Sunday, November 11, 2012

WSJ "Quake Tremors Go Farther Than Thought": Implications for US East Coast Nuclear Power Plants Ominous

The Wall Street Journal Nov 7, 2012 A4

"Data from the 2011 earthquake centered in Virginia show East Coast tremors can travel much farther and cause damage over larger areas than previously thought, the US Geological Survey said Tuesday.... Scientists also found the quake that caused more than $200 million in damage triggered landslides at distances four times farther and over an area 20 times larger than research from previous quakes has shown."

The Huffington Post is also reporting scientific findings from the event: East Coast Earthquakes' Speed Is Faster Than Previously Thought, Geologists Say By MICHAEL FELBERBAUM

[Excerpted] Additionally, the landslides from the 2011 tremor occurred in an area of about 12,895 square-miles – about the size of the state of Maryland. Previous studies indicated an area of about 580 square-miles – about the size of Houston – from an earthquake of similar magnitude.

"It's just much more dangerous to have an earthquake at that level back on the East Coast than it would be on the West Coast," said Edwin Harp, a USGS scientist and co-author of the study. "If something big happened, although it's much less frequent, it would tend to damage a lot more buildings because they're probably not quite up to the codes that they are in California."

Majia here: What does this mean for nuclear power plants on the US east coast?

The Virginia earthquake caused damage 4X farther and 20X larger than expected!

The Virginia earthquake, a mere 5.8, shut down a nuclear plant, the North Anna plant
Majia here: At the time of the quake Reuters noted concerns for nuclear plants given the unexpected size of the earthquake: 
 Quake raises safety concerns as nuclear plant shut

[Excerpted] The largest earthquake to hit the East Coast of the United States in 67 years raised concerns on Tuesday about the safety of the country's nuclear power plants.

The 5.8 magnitude quake's epicenter was just a few miles from the two-reactor North Anna nuclear power plant operated by Dominion Resources in Mineral, Virginia, 80 miles southwest of Washington. 

The plant lost power and automatically halted operations after the quake. While a Dominion spokesman reported no "major" damage to the facility, three diesel generators were required to kick in and keep the reactors' radioactive cores cool. A fourth diesel unit failed.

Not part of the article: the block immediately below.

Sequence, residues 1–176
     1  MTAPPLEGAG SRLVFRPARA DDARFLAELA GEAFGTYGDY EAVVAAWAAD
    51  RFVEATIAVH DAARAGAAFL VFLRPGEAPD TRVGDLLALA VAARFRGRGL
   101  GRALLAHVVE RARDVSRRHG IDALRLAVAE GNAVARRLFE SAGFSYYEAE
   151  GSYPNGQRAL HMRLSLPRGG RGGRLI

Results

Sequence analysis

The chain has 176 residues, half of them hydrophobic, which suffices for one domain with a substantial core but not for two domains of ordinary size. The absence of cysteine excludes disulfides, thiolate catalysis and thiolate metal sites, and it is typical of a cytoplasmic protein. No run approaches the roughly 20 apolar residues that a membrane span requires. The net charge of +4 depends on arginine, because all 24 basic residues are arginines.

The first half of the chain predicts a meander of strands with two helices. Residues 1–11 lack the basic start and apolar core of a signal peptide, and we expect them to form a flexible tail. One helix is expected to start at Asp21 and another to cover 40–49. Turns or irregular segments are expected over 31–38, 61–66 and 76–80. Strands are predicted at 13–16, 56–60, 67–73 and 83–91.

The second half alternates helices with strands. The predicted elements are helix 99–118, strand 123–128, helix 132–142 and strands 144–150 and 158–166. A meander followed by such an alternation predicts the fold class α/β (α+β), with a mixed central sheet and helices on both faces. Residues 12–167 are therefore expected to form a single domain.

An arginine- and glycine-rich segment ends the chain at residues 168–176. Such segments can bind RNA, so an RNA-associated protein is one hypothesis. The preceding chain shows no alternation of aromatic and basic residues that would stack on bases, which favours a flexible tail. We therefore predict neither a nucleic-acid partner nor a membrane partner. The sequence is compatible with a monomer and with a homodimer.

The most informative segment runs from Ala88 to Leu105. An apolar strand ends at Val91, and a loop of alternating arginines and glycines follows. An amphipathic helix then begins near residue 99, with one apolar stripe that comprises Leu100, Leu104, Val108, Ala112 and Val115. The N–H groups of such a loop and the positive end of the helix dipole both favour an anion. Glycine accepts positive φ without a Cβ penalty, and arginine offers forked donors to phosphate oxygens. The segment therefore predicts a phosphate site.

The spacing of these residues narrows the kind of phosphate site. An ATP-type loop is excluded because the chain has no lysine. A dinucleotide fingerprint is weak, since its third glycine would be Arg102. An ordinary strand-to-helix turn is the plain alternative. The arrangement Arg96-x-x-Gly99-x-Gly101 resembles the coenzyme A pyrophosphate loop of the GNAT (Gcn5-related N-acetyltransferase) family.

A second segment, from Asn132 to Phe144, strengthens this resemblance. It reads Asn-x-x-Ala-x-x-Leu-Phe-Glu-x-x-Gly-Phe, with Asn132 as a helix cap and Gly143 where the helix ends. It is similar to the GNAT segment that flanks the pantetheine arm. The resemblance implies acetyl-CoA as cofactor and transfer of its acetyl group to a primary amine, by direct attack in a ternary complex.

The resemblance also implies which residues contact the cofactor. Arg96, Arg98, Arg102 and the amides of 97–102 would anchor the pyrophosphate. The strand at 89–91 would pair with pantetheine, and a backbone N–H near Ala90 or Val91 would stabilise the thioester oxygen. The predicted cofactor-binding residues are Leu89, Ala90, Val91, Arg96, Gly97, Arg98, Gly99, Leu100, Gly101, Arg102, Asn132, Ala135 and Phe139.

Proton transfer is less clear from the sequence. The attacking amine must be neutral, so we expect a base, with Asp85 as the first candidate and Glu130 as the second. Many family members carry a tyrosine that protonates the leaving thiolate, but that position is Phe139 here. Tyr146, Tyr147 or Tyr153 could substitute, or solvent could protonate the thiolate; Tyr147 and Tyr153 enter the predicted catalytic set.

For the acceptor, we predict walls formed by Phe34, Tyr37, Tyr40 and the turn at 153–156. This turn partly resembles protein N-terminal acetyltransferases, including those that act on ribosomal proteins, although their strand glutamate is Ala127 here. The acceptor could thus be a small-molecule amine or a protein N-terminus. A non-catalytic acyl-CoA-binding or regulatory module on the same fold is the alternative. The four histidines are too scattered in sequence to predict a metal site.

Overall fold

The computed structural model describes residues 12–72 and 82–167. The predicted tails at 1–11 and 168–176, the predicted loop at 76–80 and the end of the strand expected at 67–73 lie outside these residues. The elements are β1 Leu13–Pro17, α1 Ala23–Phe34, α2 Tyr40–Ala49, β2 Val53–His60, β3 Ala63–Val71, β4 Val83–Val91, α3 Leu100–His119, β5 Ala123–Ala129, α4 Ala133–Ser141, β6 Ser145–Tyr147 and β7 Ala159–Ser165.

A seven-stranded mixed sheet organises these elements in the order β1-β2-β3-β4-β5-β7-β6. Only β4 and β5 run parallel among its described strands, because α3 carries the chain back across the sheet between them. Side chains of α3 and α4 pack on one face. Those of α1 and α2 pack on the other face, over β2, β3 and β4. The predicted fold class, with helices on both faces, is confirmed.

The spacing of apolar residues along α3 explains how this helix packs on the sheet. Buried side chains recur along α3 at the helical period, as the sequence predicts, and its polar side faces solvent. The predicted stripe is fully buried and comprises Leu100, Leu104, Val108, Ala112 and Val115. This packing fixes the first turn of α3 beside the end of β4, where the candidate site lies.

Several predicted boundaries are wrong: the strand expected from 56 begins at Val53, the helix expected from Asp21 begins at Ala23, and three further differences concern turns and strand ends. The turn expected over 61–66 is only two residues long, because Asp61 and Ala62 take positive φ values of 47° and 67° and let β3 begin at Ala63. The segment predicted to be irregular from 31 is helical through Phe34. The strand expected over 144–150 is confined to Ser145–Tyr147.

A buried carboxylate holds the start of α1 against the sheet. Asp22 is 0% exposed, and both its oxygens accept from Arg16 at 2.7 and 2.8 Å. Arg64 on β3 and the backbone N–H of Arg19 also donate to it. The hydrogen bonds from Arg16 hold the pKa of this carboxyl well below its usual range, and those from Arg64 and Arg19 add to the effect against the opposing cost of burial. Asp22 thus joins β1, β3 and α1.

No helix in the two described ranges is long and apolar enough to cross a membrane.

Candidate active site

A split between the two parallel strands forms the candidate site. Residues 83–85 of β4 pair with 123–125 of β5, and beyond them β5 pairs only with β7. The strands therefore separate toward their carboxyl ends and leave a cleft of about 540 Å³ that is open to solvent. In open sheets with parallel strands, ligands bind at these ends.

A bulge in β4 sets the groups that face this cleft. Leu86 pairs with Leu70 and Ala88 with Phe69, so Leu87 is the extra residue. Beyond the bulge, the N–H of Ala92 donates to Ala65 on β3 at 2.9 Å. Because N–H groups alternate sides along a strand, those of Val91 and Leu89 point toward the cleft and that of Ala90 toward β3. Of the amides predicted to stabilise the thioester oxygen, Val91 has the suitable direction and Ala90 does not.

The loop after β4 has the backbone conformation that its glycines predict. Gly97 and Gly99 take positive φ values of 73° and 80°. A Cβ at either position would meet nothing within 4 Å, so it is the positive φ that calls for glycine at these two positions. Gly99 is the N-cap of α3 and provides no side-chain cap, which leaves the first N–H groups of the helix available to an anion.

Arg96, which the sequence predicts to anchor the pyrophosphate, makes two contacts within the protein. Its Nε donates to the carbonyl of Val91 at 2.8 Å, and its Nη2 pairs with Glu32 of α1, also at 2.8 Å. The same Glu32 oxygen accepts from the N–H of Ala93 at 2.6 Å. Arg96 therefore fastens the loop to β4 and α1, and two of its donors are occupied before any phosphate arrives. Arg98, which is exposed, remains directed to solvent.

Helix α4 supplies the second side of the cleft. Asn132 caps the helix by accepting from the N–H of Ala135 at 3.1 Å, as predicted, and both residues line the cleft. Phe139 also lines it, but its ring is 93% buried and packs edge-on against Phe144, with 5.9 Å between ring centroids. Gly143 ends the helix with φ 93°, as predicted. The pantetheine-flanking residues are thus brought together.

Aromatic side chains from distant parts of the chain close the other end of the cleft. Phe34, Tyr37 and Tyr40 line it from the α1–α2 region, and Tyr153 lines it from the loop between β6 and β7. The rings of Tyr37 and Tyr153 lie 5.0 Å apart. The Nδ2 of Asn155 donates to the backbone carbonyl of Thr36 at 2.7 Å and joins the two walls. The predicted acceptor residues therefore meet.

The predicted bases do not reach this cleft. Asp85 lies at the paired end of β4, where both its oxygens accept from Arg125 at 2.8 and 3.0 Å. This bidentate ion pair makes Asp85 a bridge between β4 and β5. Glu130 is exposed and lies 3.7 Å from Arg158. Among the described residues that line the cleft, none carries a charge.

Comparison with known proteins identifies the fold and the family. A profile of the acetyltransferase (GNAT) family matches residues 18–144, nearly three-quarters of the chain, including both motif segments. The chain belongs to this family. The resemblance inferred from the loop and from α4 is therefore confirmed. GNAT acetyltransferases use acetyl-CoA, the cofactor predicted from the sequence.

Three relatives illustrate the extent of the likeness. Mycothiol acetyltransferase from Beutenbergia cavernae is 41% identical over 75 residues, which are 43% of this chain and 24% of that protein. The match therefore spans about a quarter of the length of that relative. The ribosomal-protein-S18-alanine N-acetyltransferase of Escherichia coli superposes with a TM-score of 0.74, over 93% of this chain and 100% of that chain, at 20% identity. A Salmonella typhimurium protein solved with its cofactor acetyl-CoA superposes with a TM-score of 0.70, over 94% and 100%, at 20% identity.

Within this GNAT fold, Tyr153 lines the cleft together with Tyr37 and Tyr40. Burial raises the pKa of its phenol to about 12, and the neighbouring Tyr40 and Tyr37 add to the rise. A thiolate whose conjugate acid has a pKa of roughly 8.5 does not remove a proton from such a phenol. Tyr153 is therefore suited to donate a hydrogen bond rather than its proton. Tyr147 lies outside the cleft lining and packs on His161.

Majia Here: The Los Angeles Times noted that the Virginia earthquake "jostled" spent fuel storage casks: : "Virginia earthquake shifted nuclear storage casks" September 1, 2011

Majia here: It seems likely that East Coast nuclear power plants were not built with design specifications adequate for the scale of this relatively minor earthquake given the geological effects in East coast soil and topography:

Virginia quake may have exceeded nuclear plant design By Ayesha Rascoe WASHINGTON | Mon Aug 29, 2011 6:33pm EDT

(Reuters) - The historic earthquake that shut Dominion Resources Inc's North Anna nuclear plant in Virginia last week may have shaken the facility more than it was designed to withstand, the U.S. nuclear regulator said on Monday. The Nuclear Regulatory Commission said it had sent a special inspection team to the plant rocked by the 5.8-magnitude quake, after initial reviews from Dominion indicated the ground motion may have exceeded North Anna's design parameters.

Majia here: A report on earthquake design specifications commissioned by the US Congress concluded: 

Nuclear Power Plant Design and Seismic Safety Considerations By Anthony Andrews Specialist in Energy and Defense Policy and Peter Folger Specialist in Energy and Natural Resource

[Excerpted from Summary] U.S. nuclear power plants designed in the 1960s and 1970s used a deterministic statistical approach to addressing the risk of damage from shaking caused by a large earthquake (termed Deterministic Seismic Hazard Analysis, or DSHA). Since then, engineers have adopted a more comprehensive approach to design known as Probabilistic Seismic Hazard Analysis (PSHA). PSHA estimates the likelihood that various levels of ground motion will be exceeded at a given location in a given future time period. New nuclear plant designs will apply PSHA....

In 2010, the NRC examined the implications of the updated NSHM for nuclear power plants operating in the CEUS [Central and Eastern US], and concluded that NSHM data suggest that the probability for earthquake ground motions may be above the seismic design basis for some nuclear plants in the CEUS. In late March 2011, NRC announced that it had identified 27 nuclear reactors operating in the CEUS that would receive priority earthquake safety reviews....

Majia here: Sizable earthquakes on the US East Coast are a realistic and imminent threat and US nuclear power plants built in the 1960s and 1970s should be shut down immediately or we risk a Fukushima on US soil.

No comments:

Post a Comment

Note: Only a member of this blog may post a comment.